In twelve months time what is the minimum you would consider to be success for Bradford City?

The season at Valley Parade wends towards a disappointing end without much to play for and with minds focused on next August and the start of a new campaign. Much work is to be done between then and now by the club and management to get City into an improved position which we all hope to be in in one year’s time. In one year from now many hope the Bantams will doing much more than playing out until the end of the season and so The Barry Articles ask…

“In twelve months time what is the minimum you would consider to be success for Bradford City?”

Richard Wardell Fundraiser in times of trouble and former BCST man

Success means different things to different people. Personally, I think that I have lower expectations than most supporters so success in my eyes might not be success in another supporter’s eyes. For me, on the playing side of matters I would like to see two or three home grown players established in the first team following in the footsteps of Luke O’Brien;

I would like to see us produce a giant killing in the FA Cup as we celebrate 100 years since we won this magical trophy and I would like us to be making a strong push for the play offs by playing some attractive passing football. Off the field, I would like to think that the club would own Valley Parade again and that our finances are in the black. I would also hope that the club will be offering cheap season ticket prices again for the Bradford public. One final thought; I hope that we have the same manager as we currently have to offer some medium to long term stability for the club.

Jason Mckeown City Gent & BfB Writer

The minimum expectation for me next season has to be a strong promotion push – otherwise the decision to allow Stuart McCall to leave in February would have to be re-questioned.

Last season the club gambled heavily on promotion and lost, with the result a severe slashing of playing budgets. Nevertheless the expectation from many fans and some of those in the boardroom was McCall still had to do better this season. With limited resources, I believe McCall began building a squad that could grow and develop in time, helped by clever acquisitions along the way. It wasn’t the quick win though; hence the pressure for McCall to walk when it became obvious promotion was beyond us this season.

Under Peter Taylor the goalposts have shifted and greater resources are available, subsequently realistic expectations of what can be achieved must rise. I personally hope Taylor doesn’t release too many players this summer, but if he chooses to undo McCall’s initial building work it has to be for the purpose of speeding up progress. At least one of the two owners and many supporters advocated the abandoning of long-term to the point it’s almost become a dirty word, so next season we need to see the fruits of this different approach.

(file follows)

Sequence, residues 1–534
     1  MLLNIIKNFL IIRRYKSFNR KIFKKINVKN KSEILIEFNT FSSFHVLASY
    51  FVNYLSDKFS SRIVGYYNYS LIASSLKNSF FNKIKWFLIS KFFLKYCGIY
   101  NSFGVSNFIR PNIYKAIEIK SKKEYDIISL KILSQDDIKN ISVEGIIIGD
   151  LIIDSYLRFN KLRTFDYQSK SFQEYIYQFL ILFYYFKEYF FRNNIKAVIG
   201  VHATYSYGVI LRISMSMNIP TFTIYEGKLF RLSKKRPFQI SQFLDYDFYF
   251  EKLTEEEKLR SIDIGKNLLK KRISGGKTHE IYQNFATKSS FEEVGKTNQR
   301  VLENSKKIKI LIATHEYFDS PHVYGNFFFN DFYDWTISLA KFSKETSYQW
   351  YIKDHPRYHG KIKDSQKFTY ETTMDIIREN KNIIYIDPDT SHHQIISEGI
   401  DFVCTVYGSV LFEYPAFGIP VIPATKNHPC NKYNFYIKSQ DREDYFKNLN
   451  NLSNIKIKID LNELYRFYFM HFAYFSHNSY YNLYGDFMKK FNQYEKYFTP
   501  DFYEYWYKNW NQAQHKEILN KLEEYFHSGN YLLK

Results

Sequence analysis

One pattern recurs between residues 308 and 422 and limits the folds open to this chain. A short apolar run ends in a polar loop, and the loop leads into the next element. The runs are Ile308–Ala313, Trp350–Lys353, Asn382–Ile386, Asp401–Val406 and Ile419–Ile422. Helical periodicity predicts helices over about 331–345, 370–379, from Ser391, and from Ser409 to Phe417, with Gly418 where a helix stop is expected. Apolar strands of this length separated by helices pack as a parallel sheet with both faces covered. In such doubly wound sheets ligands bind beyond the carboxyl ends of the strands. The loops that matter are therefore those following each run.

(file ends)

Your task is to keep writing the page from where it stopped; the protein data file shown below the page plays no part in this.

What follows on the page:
Not that I believe failure to be promoted should lead to Taylor’s dismissal; but with greater resources and experience than McCall, he should be able to take the club forwards next season. We have to be looking back in a year’s time and agreeing progress has been made. We have to be looking back in a year’s time and agreeing the decision to abandon McCall’s team-building attempts was the right one.

Steve Baker Stalwart City fan and Bantams Bar regular

I think with Taylor in charge, his pieces of the puzzle in place like facilities and pitch surface, promotion should be achieved. If however Taylor isnt in charge, who will come in? Largely it is an unknown until the manager is nailed down to a contract, so its a little bit chicken before egg at the moment.

I think we will manage to keep a lot of the good young players we have and they can have a good crack at the league next season, but I worry that if we dont go up next year, the crop of youngsters we have will get snaffled up by other clubs. There are easily 4 or 5 young players who could play in a league above L2 (Hanson, Williams, McLaughlin, O’Brien and Neilson) and you cant expect them to stick around for another season in the basement. Taking these players out of our squad would dessimate it. Look how toothless we have been up top without big Jimmy recently.

Its hard as a City fan in the league we are in to say what would be the minimum level of success. We cannot afford as a club and financially to be in this league any longer, so the sooner we get out the better. We have the best chance of acheiving this with Taylor at the helm and with his methods and track record. Lets not expect pretty football. Lets not expect us to be beating Liverpool in the 3rd round of the FA Cup (just getting there would be nice). Football that gets results and gets us out of this league is fine by me.